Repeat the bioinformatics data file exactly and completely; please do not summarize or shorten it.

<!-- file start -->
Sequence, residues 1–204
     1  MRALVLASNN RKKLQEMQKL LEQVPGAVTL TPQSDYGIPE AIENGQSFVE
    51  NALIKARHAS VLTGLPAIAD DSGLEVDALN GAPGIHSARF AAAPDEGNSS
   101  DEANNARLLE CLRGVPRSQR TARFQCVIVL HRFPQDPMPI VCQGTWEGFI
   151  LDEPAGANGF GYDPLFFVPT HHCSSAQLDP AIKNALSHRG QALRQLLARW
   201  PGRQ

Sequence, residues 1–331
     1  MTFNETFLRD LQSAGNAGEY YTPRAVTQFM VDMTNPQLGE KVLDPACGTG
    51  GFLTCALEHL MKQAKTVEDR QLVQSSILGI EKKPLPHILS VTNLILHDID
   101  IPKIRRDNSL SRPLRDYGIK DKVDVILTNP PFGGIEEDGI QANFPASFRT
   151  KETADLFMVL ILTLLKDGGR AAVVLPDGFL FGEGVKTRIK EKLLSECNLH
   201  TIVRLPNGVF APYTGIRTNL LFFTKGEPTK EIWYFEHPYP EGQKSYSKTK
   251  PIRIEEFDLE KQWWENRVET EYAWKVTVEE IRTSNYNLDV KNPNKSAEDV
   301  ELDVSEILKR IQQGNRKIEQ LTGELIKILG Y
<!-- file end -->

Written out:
Sequence, residues 1–204
     1  MRALVLASNN RKKLQEMQKL LEQVPGAVTL TPQSDYGIPE AIENGQSFVE
    51  NALIKARHAS VLTGLPAIAD DSGLEVDALN GAPGIHSARF AAAPDEGNSS
   101  DEANNARLLE CLRGVPRSQR TARFQCVIVL HRFPQDPMPI VCQGTWEGFI
   151  LDEPAGANGF GYDPLFFVPT HHCSSAQLDP AIKNALSHRG QALRQLLARW
   201  PGRQ

Sequence, residues 1–331
     1  MTFNETFLRD LQSAGNAGEY YTPRAVTQFM VDMTNPQLGE KVLDPACGTG
    51  GFLTCALEHL MKQAKTVEDR QLVQSSILGI EKKPLPHILS VTNLILHDID
   101  IPKIRRDNSL SRPLRDYGIK DKVDVILTNP PFGGIEEDGI QANFPASFRT
   151  KETADLFMVL ILTLLKDGGR AAVVLPDGFL FGEGVKTRIK EKLLSECNLH
   201  TIVRLPNGVF APYTGIRTNL LFFTKGEPTK EIWYFEHPYP EGQKSYSKTK
   251  PIRIEEFDLE KQWWENRVET EYAWKVTVEE IRTSNYNLDV KNPNKSAEDV
   301  ELDVSEILKR IQQGNRKIEQ LTGELIKILG Y